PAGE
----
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Coronavirus: University of Cambridge experts and city MP call on government to impose Covid-19 circuit-breaker lockdown

University of Cambridge experts are among those calling on the government to impose a national ‘circuit-breaker’ lockdown to save thousands of lives by Christmas.

The coronavirus
The coronavirus

Amid spiralling numbers of Covid-19 cases across the country, the Scientific Pandemic Influenza Group on Modelling (SPI-M), which advises the government, has suggested a national lockdown between October 24 and November 7.

This coincides with the half-term for schools to minimise disruption to education.

However, in a paper published on Wednesday (October 14), SPI-M said: “There are no good epidemiological reasons to delay the break as this will simply push back any benefits until later, leaving more time for additional cases to accumulate.”

Modelling by the group - which features several several Cambridge academics - suggests coronavirus deaths over the rest of the year could be reduced from 19,900 to 12,100 if a circuit-breaker is imposed, while hospital admissions would be cut from 132,400 to 66,500.

If schools and shops remain open, the death toll would be cut to 15,600.

Daniel Zeichner, Labour MP for Cambridge. Picture: Richard Marsham
Daniel Zeichner, Labour MP for Cambridge. Picture: Richard Marsham

It has emerged that members SAGE (the Scientific Advisory Group for Emergencies), of which SPI-M is a sub-group, advised the government last month to impose a circuit breaker.

On Wednesday, Labour leader Sir Keir Starmer joined those calling for one, saying it would prevent a “sleepwalk into a long and bleak winter”.

While Prime Minister Boris Johnson has not ruled it out, the government has so far chosen to adopt a three-tier system of restrictions based on regional infection rates instead.

Cambridge’s Labour MP Daniel Zeichner told the Cambridge Independent: “Boris Johnson and the Conservative Party seemed to have stopped listening to scientific advice but I support a two-to-three week circuit break in line with SAGE’s recommendation.

“Of course it will involve sacrifices but what the country needs is a clear plan. The government acted far too slowly last time and I fear they are doing so again. We need to get the spread of the virus down again to slow infections and hospital admissions. Not acting now is just creating bigger problems for the future.

“Crucially throughout the period the government would need to fix test and trace - there's no need for any ‘world-beating’ or ‘moonshot’ rhetoric - we just need something functional. “For the sake of people's lives, health, jobs, education, and our local economy, I hope the Prime Minister listens to the evidence and the constructive advice Keir Starmer is offering and acts decisively.”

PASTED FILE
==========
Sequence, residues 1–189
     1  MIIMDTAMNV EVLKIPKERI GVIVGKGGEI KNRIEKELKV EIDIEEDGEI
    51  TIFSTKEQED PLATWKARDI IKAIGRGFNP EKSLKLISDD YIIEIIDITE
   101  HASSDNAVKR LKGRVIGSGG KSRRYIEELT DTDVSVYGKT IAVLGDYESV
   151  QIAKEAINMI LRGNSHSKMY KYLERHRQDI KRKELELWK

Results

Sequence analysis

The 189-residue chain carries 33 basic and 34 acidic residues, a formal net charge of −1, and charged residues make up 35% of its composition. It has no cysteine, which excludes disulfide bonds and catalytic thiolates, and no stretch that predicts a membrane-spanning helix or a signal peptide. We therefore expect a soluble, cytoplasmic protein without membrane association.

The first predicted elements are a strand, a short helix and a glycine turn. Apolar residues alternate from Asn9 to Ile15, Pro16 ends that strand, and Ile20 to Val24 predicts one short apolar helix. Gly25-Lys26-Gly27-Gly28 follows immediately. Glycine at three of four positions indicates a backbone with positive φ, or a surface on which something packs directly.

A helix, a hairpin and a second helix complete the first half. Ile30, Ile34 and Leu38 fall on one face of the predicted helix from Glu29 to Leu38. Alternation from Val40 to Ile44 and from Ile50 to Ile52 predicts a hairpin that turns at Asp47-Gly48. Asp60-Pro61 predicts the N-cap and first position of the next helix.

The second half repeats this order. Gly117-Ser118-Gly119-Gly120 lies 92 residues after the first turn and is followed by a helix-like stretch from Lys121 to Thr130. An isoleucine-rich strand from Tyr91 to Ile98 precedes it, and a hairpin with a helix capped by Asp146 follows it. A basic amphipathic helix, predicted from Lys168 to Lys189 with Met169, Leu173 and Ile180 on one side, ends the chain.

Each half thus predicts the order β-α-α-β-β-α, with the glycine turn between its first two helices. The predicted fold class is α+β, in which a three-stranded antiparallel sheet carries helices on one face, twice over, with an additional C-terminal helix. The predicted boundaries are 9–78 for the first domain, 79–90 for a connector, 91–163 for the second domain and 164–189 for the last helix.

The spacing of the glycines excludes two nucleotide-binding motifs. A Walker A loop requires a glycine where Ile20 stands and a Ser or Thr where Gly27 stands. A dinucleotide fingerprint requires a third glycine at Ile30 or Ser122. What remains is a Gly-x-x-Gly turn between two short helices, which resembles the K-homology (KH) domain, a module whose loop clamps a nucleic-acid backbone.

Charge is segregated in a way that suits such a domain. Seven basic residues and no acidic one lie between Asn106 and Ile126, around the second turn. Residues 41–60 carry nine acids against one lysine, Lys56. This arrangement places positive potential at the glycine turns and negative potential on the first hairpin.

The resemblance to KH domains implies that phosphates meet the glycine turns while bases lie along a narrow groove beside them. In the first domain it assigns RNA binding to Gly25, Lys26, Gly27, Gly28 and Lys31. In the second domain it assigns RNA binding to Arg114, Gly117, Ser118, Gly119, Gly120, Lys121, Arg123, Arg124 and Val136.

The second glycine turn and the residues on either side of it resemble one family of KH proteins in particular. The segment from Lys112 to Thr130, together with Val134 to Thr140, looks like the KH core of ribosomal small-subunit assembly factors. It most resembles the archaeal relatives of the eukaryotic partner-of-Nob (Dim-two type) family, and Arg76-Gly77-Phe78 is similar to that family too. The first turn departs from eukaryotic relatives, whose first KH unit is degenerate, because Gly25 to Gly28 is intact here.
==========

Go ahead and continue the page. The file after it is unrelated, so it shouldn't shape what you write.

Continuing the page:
Anthony Browne, the Conservative MP for South Cambridgeshire. Picture: Keith Heppell
Anthony Browne, the Conservative MP for South Cambridgeshire. Picture: Keith Heppell

South Cambridgehire’s Conservative MP Anthony Browne was not ready to back the circuit-breaker idea - yet.

“The evidence from across Europe shows that a targetedregional approach is far more effective at saving lives without causing unnecessary damage to businesses and jobs than the alternative of repeated national lockdowns,” he told the Cambridge Independent.

“With the new tier system in place, areas under tier 3 regulations with very high numbers of cases are essentially subject to full lockdown while lower risk areas remain active. There would rightfully be outrage if businesses in South Cambridgeshire were put at risk of collapse due to circumstances at the other end of the country, well beyond their control.

“This remains a shifting battleground, and I continue to urge the government to listen and react appropriately and proportionally.I want to urge everyone to continue to follow guidance – cover your face, wash your hands and stay safe.”

Prof Julia Gog, of the University of Cambridge
Prof Julia Gog, of the University of Cambridge

Cambridge members of SPI-M, which called for the circuit breaker, include:

  • Prof Julia Gog - professor of mathematical biology at the University of Cambridge’s Department of Applied Mathematics and Theoretical Physics and the David N Moore fellow and director of studies in mathematics at Queens’ College, Cambridge, who has just been made an OBE for the expert advice on infectious disease modelling that she has given to the government during the pandemic;
  • Prof Daniela De Angelis - professor of statistical science for health at the University of Cambridge in the Department of Primary Care and Public Health, who is also deputy director and programme leader at the Medical Research Council Biostatistics Unit (MRC-BSU), which has been modelling the R number that indicates how many people each infected person is passing the virus on to;
  • Prof Dame Theresa Marteau, director of the Behaviour and Health Research Unit at the University of Cambridge, whose research focuses on the development and evaluation of interventions to change behaviour
  • Prof David Spiegelhalter, the Winton Professor for the Public Understanding of Risk, and Professor of Biostatistics, at the University of Cambridge.

Professor Matt Keeling, one of the authors of the SPI-M paper, told BBC Radio 4’s Today programme: “The stricter the restrictions, the greater the impact. We stress that this is only a short-term measure – it buys us time to put other measures in place, but at the moment we do need that time.”

Labour’s shadow health secretary Jonathan Ashworth said: “This is important analysis and more evidence that a short circuit-break is needed to get control of the virus, fix test and trace and ultimately save lives.”

A survey by YouGov on Tuesday suggested there was considerable public support for the circuit-breaker idea, with 54 per cent of the 4,222 adults polled saying the government should have introduced a national lockdown in September, and just 28 per cent disagreeing.